A view from the bridge: Iraq's protesters under fire

"We can't even cry over their bodies anymore."

Demonstrators take part in a protest over corruption, lack of jobs, and poor services, in Iraq (photo credit: THAIER AL-SUDANI/REUTERS)
Demonstrators take part in a protest over corruption, lack of jobs, and poor services, in Iraq
Ali says he has seen more than 50 people killed in front of him since anti-government protests began in Iraq last month.

"The first one was shocking - he was someone I knew, and they shot him in the chest," said Ali, in his early 20s and from Baghdad's low-income Sadr City district.

"But you quickly get used to death ... I've seen people, some of them friends, choke, drown, have their skulls split open by tear gas and stun grenades," Ali, who declined to give his last name, said as he played a mobile phone video of the shooting victim in his final moments in the capital's Tahrir Square last month.

"We can't even cry over their bodies anymore."

Since the start of October, more than 250 Iraqis have been killed protesting against a government they see as corrupt and beholden to foreign interests, according to eyewitnesses and medical and security sources.

There was no immediate comment from the interior ministry, which oversees many of the security forces, but a government report said nearly 150 people were killed in the first week of the unrest, 70% from bullets to the head or chest.

Recounting stories of his fallen comrades, Ali leaned against a mound of dirty blankets on the Tigris river bank under the Jumhuriya – or Republic – Bridge.

For the past 10 days, hundreds of young men and boys – some as young as 12 – have been camped out on the bridge, and under it. Wearing construction hats, gas masks, and chanting for the downfall of the government, they call themselves "the front line of the revolution."

The bridge, which leads from the square to Baghdad's fortified Green Zone, where government buildings and foreign embassies are located, has seen fierce clashes between protesters and security forces.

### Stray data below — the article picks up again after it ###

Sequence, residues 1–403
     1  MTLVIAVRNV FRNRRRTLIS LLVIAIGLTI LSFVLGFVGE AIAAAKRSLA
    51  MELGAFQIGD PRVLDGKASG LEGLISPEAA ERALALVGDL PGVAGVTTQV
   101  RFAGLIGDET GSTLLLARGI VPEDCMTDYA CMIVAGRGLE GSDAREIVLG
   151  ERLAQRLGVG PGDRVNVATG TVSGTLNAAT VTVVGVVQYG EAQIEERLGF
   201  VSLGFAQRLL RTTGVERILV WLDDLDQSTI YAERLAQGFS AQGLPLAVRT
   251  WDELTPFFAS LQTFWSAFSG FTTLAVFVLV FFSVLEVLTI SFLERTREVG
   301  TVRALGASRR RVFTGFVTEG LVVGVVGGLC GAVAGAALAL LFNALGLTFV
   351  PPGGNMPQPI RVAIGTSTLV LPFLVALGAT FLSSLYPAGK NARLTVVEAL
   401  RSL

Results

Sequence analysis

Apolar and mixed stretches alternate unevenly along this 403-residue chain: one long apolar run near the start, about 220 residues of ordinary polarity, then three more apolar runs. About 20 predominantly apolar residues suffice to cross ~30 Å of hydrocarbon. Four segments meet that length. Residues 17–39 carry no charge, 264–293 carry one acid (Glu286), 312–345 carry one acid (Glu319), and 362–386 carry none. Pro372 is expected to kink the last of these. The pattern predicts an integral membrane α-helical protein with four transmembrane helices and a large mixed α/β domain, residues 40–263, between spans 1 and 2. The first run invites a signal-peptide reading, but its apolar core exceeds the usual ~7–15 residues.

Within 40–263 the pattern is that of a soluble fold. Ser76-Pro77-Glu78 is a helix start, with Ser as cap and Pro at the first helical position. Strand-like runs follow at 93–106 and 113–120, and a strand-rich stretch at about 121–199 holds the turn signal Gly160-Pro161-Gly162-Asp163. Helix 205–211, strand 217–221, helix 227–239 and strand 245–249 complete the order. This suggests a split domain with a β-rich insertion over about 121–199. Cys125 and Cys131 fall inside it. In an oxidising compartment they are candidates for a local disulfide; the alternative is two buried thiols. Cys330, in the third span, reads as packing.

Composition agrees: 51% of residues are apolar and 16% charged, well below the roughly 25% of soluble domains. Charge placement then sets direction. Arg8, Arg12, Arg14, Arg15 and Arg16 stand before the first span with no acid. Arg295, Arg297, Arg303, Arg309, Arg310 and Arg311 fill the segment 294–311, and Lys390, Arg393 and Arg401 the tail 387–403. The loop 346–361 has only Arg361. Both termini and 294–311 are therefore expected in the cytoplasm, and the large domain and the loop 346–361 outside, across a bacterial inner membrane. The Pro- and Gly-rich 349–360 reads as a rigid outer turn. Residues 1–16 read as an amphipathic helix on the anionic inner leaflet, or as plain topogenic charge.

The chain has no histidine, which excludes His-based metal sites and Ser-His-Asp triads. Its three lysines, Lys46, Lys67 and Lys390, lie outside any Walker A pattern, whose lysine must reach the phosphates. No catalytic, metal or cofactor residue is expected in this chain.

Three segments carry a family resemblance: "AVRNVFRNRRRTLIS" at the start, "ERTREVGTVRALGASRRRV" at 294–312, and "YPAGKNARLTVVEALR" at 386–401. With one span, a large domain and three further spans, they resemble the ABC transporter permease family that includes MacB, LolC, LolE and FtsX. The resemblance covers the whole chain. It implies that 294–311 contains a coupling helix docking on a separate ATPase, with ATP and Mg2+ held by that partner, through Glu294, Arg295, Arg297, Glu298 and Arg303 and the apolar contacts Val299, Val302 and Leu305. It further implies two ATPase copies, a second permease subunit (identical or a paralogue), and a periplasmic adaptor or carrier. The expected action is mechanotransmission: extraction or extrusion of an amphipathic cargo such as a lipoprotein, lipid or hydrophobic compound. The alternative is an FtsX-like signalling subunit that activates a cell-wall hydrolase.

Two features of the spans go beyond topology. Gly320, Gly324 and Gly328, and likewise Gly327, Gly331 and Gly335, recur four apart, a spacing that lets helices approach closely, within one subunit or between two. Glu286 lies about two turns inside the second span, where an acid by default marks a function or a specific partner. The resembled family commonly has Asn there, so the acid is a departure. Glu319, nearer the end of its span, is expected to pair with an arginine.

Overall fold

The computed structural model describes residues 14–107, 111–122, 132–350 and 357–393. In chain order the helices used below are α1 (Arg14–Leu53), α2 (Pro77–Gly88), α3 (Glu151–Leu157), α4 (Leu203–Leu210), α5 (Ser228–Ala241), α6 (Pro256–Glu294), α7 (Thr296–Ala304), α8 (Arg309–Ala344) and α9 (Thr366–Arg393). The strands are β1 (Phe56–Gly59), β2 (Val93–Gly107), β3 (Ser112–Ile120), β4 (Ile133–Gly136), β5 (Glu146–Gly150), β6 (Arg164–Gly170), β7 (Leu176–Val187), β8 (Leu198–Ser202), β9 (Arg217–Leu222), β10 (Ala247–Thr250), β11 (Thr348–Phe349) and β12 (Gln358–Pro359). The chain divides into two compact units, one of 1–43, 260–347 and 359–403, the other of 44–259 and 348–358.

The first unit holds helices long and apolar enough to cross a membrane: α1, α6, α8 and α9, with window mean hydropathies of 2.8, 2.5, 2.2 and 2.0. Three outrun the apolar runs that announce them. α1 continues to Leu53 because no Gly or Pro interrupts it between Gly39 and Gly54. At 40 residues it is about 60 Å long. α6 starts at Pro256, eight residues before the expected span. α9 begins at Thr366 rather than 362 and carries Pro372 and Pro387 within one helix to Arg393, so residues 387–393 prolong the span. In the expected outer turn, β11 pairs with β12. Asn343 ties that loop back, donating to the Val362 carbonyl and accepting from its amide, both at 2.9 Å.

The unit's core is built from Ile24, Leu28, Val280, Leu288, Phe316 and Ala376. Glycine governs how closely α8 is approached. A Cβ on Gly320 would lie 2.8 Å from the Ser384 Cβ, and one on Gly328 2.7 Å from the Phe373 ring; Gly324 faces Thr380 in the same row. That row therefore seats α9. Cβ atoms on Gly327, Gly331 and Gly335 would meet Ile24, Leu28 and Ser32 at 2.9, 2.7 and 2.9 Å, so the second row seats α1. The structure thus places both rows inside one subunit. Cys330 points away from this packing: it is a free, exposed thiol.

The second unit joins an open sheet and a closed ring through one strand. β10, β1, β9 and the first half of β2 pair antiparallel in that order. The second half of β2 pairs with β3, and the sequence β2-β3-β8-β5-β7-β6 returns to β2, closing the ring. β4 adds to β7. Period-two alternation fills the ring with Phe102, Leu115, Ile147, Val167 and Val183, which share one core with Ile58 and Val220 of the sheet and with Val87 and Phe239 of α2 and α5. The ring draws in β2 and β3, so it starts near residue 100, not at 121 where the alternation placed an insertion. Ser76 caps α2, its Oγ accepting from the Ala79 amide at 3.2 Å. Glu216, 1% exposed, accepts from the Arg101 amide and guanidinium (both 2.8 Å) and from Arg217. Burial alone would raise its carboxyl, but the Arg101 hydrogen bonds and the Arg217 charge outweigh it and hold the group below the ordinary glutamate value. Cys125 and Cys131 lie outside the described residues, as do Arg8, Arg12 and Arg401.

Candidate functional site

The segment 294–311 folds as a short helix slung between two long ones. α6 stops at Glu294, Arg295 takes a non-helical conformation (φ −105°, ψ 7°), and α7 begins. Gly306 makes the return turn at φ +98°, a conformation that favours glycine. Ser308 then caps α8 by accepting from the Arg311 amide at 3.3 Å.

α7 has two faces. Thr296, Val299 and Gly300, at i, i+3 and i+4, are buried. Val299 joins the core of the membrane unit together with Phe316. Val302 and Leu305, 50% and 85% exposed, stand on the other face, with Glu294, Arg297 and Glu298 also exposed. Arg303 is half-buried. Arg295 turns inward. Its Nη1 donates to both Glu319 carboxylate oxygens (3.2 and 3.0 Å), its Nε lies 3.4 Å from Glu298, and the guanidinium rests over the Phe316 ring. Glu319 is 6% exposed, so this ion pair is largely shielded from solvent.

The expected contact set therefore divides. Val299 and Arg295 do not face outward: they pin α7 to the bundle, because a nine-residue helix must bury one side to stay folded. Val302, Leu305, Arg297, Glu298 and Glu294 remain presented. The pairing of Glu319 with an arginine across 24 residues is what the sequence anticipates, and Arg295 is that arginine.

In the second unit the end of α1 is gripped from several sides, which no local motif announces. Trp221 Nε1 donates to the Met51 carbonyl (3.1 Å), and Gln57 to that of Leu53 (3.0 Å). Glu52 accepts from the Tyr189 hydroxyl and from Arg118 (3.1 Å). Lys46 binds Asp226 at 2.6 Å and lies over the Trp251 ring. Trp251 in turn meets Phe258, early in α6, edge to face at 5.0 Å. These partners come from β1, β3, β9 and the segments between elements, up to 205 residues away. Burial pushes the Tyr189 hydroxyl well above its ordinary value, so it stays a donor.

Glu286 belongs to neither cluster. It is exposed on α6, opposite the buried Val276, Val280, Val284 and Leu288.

Protesters, armed with slingshots, have erected barricades of iron sheets and concrete blocks. Security forces have used rubber bullets, stun grenades, and tear gas against them, killing scores on the adjacent Jumhuriya and Sinak bridges.

Both sides have settled into an uneasy stalemate.

"We throw rocks at them, and they respond by killing us," said Ali, as several tear gas canisters were lobbed by security forces.


A group of medical volunteers have set up camp to help the wounded. They say the expired tear gas – Reuters saw used canisters with an expiry date of 2014 – is making people choke.

One young man, barefoot and wearing a dirty tank top and trousers, passed out after choking on the gas. A Reuters correspondent saw medics lower him off the bridge and put him in a tuk-tuk headed for a nearby hospital.

Ali is surrounded by a tight-knit group of 10, who have been camped under the Jumhuriya bridge since Oct. 24.

Reminiscent of Peter Pan's Lost Boys, the group radiated an intensity forged by bloodshed. Many come from Baghdad's poorest neighborhoods, where they work as tuk-tuk drivers or day laborers.

Despite Iraq's oil wealth, many live in poverty with limited access to clean water, electricity, healthcare or education. Protesters blame corruption.

"For 16 years we've been told that our lives would be better," said Abbas, who declined to give his last name.

"But I'm 19 and I've worked most days since I was 10 and still I don't have more than 5,000 dinars ($4) in my pocket."


Abbas was arrested in the first wave of protests, along with Ali and others in the group. They said their phones were scanned to identify fellow protesters. Released on bail, they were told to stay away from the demonstrations.

"But the very next day I went back to the protests," said Ali. "We have to stay here to keep the revolution going."

Nearly all those Reuters spoke to had bandages on their arms, torsos and legs. They said many of their injuries came from security forces who fire tear gas, stun grenades and rubber bullets, sometimes from boats on the river.

It is most dangerous at night, they said.

A few nights ago at 3 a.m., security forces threw gasoline at their camp, followed by burning rags, Ali said. The rags landed near a group of sleeping boys, according to a video seen by Reuters.

The boys now stand guard in shifts.

"The second we leave this bridge, the government will storm Tahrir Square and finish off the protests," Ali said. "They can throw whatever they want at us. But we're not going anywhere."